Poetic Teapot Card

Poetic Teapot Card lesson plan

What is almost as comforting as a hug? Why a mug of tea, of course! Create this lovely teapot, add an acrostic and a tea bag, and you have a loving gift for someone special.

  • 1.

    Open a discussion with students focused on people that have been a significant part of their lives. With Crayola® Erasable Colored Pencils, students list the contributions of parents, or other loved ones, make in their lives.

  • 2.

    Fold a large sheet of white construction paper in half and place the fold at the top. With colored pencils, outline a large teapot so the top of the lid fits along the fold. Cut out the teapot with Crayola Scissors, remembering not to cut the edge of the lid that is on the fold.

  • 3.

    Students slightly fold their cards and make a slit in the middle of the teapot. Cut it wide enough to put in a teabag. Decorate the front of the teapot using Crayola Washable Markers and Crayola Glitter Glue.

  • 4.

    Using the contribution list that written earlier, students compose an acrostic poem using the letters of MOTHER, FATHER, the recipient's first name, or some other fitting word. Rewrite the poem on the inside of the card. Decorate around the poem.

  • 5.

    Post student teapots/acrostic poems for classmates to share.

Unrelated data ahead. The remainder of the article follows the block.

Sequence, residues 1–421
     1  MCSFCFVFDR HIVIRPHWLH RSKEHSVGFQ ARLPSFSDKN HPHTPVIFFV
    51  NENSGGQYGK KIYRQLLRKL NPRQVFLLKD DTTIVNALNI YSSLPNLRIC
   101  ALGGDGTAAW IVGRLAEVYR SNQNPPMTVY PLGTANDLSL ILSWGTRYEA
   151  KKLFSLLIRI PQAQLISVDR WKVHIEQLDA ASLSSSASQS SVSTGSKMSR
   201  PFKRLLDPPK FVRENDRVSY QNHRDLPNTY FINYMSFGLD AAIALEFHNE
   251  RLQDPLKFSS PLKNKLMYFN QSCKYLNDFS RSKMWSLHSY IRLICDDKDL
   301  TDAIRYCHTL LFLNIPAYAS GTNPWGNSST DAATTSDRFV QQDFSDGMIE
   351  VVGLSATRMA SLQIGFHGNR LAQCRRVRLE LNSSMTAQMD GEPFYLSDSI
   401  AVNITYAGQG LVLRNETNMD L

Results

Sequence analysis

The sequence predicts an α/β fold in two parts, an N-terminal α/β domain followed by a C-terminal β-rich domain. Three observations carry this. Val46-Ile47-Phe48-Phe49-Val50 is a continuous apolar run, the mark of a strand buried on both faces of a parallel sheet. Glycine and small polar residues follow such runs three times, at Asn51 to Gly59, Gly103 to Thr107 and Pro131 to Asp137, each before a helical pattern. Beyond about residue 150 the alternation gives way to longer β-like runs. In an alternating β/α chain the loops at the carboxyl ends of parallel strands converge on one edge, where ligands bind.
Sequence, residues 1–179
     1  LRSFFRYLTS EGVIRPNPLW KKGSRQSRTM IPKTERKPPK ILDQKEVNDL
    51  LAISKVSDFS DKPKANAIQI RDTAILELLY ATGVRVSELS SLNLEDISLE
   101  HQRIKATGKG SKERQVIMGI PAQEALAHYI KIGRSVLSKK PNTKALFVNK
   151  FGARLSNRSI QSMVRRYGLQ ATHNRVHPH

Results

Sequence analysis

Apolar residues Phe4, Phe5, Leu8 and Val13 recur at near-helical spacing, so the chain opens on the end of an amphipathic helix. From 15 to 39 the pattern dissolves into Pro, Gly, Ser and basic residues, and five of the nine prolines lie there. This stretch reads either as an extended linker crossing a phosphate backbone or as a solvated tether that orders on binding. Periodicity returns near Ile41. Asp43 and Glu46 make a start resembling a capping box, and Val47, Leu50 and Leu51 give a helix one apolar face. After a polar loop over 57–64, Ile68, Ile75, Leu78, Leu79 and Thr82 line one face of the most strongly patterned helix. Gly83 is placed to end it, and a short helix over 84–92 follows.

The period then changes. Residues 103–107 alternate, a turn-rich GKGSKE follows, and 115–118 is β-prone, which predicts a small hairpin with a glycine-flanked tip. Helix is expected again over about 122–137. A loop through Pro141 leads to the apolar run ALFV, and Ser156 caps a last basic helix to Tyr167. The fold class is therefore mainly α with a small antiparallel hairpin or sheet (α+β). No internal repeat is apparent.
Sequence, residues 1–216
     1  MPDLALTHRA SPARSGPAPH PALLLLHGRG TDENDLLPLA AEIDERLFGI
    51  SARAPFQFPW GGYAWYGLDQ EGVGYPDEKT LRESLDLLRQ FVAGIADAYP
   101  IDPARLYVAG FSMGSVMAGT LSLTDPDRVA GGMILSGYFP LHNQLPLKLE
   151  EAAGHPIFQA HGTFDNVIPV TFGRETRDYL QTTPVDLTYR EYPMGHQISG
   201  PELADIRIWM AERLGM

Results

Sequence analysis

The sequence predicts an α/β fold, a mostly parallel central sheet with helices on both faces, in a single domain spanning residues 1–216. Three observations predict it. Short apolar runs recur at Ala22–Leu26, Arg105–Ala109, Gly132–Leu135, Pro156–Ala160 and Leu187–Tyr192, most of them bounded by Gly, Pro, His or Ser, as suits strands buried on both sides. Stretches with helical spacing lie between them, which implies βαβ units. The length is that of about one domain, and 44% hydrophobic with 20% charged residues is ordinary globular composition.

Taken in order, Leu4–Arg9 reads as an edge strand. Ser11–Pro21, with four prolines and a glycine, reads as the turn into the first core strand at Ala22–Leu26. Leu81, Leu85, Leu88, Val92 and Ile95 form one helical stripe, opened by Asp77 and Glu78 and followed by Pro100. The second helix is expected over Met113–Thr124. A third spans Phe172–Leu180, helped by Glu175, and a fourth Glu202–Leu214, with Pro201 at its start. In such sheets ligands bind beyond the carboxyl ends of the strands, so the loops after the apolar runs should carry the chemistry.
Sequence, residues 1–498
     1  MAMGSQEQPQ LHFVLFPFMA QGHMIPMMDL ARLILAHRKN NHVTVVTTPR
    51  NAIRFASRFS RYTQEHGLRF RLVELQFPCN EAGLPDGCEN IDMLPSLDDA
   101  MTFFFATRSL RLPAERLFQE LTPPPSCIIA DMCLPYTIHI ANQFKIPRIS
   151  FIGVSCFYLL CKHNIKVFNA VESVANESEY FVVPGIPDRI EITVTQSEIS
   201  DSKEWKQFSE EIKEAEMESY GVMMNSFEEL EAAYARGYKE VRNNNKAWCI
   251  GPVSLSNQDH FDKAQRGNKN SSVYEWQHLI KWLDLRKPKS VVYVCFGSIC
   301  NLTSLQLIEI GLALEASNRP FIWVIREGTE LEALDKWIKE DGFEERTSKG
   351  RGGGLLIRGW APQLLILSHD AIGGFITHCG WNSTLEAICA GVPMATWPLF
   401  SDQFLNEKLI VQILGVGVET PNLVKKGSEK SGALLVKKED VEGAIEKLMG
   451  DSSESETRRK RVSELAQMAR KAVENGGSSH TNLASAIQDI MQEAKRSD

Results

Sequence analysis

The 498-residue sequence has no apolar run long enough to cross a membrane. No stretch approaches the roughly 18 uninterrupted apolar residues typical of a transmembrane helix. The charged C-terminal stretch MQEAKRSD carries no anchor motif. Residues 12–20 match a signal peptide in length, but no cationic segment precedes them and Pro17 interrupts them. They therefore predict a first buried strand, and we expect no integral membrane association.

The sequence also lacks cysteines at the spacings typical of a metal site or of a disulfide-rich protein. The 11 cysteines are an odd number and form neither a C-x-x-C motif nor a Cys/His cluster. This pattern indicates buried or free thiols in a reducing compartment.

Standards

  • LA: Ask and answer questions to demonstrate understanding of a text, referring explicitly to the text as the basis for the answers.
  • LA: Draw on information from multiple print or digital sources, demonstrating the ability to locate an answer to a question quickly or to solve a problem efficiently.
  • LA: Engage effectively in a range of collaborative discussions (one-on-one, in groups, and teacher-led) with diverse partners on grade level topics and texts, building on others’ ideas and expressing their own clearly.
  • LA: Participate in shared research and writing projects.
  • SS: Describe ways in which language, stories, folktales, music, and artistic creations serve as expressions of culture and influence behavior of people living in a particular culture.
  • VA: Use different media, techniques, and processes to communicate ideas, experiences, and stories.
  • VA: Use visual structures of art to communicate ideas.

Adaptations

  • Possible classroom resources include: The Night Before Mother's Day by Natasha Wing; I Love My Daddy by Sebastian Braun; Veterans Day by Jacqueline S. Cotton
  • In place of the teapot, or as an addition to it, students write original acrostic poems about themselves using their first names. The focus of these poems should be dual: the child and the adult or admired person they are writing the piece for.
  • Working in small groups, students make a candy jar and fill it with paper candy pieces. Independently, students write what or who they are grateful for and why. Each day, have a student pull a candy piece from the jar and read what a classmate is grateful for.